(Mr Baggott) I think there is a danger of that. If people are going to be moved they have to be moved into a regime, if you like, that is both supportive but also one that lays down some rules very firmly. I would not like to see people just evicted under a tenancy agreement and moved somewhere else where the problems will recreate themselves. One of the areas where this is particularly important is not necessarily in terms of moving people under tenancy agreements but people coming out of prison, for example. Seventy-four per cent of males coming out of prison will reoffend within a year. If you put them back into old networks in deprived neighbourhoods the impact of that is really significant. The issue for Strategic Partnerships is once again about joining these things up, because if you know when someone is coming out of prison, if they can be met on the day they come out by the police officer who owns or looks after the estate, if they get a package delivered by the Strategic Partnership that is about employment opportunity, who the GP is, who the health provision is in terms of drug treatment, in a really joined up way, the propensity to reoffend within two weeks is significantly gone. Much of this is about whether you can join up different parts of the business on behalf of an individual which in turn is being done on behalf of the area where that individual lives.

  511. Do you have different tools to deal with anti-social behaviour problems? I think ASBOs are somewhere in the middle, but where do you rate them and what are the other tools that you have?
  (Mr Baggott) As I say, they are part of the range of options that you have. The important thing is to understand what is going on in the family and what sort of intervention is taking place. For example, with a young person it may be the approach is through behaviour support through the Primary Care Trust, that may be the best way. It may be support for the mother through some family education work. It may be a tenancy agreement. It may lend itself to an Anti-Social Behaviour Order. It may be the Youth Offending Team. What is lacking at the moment in many of these neighbourhoods is a mapping exercise that says exactly what is going on here and how do we join it up better in relation to that individual or the family. One of the areas that I am particularly concerned about is, for example, in youth pre-emption. We have On Track, Sure Start, Education Action Zones, a range of initiatives, which are very welcome and very necessary, but if you take a deprived neighbourhood the key to making those work effectively is mapping them out in the first place and actually making sure that if there is a problem with a family with an agency, that is shared amongst the other agencies and the most appropriate intervention is triggered into that family. What we have at the moment is a range of silo initiatives, which are very welcome but the Local Strategic Partnership and local partnerships could direct them to far greater effect upon individual families within estates or neighbourhoods.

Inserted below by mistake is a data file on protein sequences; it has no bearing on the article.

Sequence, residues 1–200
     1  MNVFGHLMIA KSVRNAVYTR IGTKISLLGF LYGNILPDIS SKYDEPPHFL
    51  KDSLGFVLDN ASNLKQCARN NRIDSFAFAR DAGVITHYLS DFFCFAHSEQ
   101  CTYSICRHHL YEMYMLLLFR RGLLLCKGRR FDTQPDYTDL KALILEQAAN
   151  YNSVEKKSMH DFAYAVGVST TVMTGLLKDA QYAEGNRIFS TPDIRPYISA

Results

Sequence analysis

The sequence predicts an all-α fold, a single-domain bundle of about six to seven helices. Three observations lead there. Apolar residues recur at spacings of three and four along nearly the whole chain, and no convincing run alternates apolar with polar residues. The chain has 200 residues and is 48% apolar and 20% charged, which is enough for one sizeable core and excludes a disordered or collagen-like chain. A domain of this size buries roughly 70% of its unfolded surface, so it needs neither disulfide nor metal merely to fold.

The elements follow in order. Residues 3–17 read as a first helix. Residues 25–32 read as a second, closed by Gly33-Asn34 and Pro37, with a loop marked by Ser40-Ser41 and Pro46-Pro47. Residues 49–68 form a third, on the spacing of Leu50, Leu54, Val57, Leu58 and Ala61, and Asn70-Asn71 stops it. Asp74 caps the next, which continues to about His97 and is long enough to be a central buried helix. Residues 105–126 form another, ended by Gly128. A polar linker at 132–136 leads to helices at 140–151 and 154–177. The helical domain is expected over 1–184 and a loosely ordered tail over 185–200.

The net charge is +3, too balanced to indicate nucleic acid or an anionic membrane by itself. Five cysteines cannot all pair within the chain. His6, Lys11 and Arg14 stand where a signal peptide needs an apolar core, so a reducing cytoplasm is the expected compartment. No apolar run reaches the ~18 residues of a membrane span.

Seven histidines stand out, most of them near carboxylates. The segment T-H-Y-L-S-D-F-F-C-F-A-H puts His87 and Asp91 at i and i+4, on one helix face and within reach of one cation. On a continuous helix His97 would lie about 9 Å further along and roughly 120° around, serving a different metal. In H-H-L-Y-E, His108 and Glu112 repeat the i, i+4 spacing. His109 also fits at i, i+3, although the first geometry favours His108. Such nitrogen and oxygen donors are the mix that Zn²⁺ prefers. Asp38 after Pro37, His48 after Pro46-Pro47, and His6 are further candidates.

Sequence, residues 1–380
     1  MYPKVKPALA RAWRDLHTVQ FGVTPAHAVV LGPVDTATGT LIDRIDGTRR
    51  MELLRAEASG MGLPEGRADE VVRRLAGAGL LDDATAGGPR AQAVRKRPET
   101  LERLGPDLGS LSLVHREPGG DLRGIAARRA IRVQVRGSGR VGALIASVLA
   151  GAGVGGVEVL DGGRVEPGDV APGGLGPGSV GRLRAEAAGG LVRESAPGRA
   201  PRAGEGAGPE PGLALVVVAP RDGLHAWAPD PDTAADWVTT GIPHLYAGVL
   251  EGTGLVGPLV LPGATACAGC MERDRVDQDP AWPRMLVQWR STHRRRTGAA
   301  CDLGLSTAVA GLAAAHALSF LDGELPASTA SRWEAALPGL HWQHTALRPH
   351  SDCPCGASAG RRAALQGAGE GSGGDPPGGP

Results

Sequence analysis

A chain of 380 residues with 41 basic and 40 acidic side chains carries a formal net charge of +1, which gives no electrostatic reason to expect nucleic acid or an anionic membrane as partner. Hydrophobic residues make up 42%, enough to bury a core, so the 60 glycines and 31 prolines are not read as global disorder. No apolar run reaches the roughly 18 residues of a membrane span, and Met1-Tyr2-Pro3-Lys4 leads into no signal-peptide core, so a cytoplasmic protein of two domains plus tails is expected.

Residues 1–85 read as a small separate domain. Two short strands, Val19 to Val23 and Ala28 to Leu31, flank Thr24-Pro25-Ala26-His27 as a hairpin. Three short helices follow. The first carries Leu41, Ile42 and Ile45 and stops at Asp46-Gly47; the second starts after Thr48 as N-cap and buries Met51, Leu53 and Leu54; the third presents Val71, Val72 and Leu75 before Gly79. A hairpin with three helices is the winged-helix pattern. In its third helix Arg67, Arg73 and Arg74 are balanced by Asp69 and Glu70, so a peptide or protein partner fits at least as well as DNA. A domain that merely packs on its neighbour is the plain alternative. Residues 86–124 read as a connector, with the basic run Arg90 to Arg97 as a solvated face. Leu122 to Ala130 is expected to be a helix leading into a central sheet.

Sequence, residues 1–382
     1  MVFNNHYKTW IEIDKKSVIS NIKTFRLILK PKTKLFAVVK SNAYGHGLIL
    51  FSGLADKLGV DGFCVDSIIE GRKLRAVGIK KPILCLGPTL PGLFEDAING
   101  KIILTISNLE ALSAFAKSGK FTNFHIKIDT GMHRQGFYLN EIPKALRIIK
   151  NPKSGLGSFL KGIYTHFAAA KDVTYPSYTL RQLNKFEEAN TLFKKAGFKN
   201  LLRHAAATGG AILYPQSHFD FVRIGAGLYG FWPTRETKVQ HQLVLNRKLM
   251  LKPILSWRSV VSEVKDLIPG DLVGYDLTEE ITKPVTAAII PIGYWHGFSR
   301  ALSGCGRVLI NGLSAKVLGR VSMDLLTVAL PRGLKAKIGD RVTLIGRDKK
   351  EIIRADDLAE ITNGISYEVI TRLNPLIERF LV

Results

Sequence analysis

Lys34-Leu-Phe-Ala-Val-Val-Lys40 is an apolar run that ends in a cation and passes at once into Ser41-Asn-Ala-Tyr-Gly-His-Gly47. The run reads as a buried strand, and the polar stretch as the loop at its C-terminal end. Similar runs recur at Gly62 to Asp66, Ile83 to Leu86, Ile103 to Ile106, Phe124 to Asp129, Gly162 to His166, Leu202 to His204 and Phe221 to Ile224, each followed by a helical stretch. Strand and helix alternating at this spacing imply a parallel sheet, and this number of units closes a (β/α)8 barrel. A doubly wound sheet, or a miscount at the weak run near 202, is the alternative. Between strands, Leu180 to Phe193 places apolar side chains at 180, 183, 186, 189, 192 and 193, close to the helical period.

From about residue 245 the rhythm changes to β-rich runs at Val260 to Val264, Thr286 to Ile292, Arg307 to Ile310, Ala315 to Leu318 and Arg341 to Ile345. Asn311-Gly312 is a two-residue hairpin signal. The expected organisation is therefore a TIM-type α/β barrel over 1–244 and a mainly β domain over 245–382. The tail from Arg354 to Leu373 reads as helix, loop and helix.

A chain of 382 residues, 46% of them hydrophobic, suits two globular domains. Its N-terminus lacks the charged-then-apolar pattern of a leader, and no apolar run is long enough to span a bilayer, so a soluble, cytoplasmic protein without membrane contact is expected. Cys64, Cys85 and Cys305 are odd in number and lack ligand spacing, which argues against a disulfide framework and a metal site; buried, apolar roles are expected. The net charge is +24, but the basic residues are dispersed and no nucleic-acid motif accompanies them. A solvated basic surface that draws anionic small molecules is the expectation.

512. What do you think the biggest problem is with ASBOs and how could they be improved?
  (Mr Baggott) I think it is the speed at which they can be implemented, first of all, and the fact that they are being treated as any other part of the criminal justice process, rather than something that uniquely is about keeping someone out of the criminal justice system. I think the strength of ASBOs is probably more in terms of their warning and their pre-emption and putting some guidelines around behaviour rather than the punitive way in which they are being viewed by some defence solicitors and some courts. They are actually a great way of keeping people out of prison because they send a message. At the moment they are being treated in relation to the punitive part of it as opposed to boundaries of acceptable behaviour.

  Chairman: On that note, can I thank you very much for your evidence. That was very helpful, thank you.